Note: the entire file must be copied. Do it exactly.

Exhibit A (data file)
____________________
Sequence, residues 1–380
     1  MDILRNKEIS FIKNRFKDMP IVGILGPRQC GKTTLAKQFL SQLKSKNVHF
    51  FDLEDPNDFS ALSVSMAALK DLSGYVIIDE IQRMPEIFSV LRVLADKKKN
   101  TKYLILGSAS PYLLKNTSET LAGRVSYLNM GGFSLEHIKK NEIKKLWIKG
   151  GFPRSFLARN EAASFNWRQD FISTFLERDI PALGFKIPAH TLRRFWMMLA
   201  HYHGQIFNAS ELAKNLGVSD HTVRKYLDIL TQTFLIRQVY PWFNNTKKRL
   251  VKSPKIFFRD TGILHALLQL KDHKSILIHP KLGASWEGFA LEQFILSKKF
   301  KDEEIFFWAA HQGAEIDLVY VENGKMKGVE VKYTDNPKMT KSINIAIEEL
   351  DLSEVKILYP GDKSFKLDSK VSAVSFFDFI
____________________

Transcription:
Sequence, residues 1–380
     1  MDILRNKEIS FIKNRFKDMP IVGILGPRQC GKTTLAKQFL SQLKSKNVHF
    51  FDLEDPNDFS ALSVSMAALK DLSGYVIIDE IQRMPEIFSV LRVLADKKKN
   101  TKYLILGSAS PYLLKNTSET LAGRVSYLNM GGFSLEHIKK NEIKKLWIKG
   151  GFPRSFLARN EAASFNWRQD FISTFLERDI PALGFKIPAH TLRRFWMMLA
   201  HYHGQIFNAS ELAKNLGVSD HTVRKYLDIL TQTFLIRQVY PWFNNTKKRL
   251  VKSPKIFFRD TGILHALLQL KDHKSILIHP KLGASWEGFA LEQFILSKKF
   301  KDEEIFFWAA HQGAEIDLVY VENGKMKGVE VKYTDNPKMT KSINIAIEEL
   351  DLSEVKILYP GDKSFKLDSK VSAVSFFDFI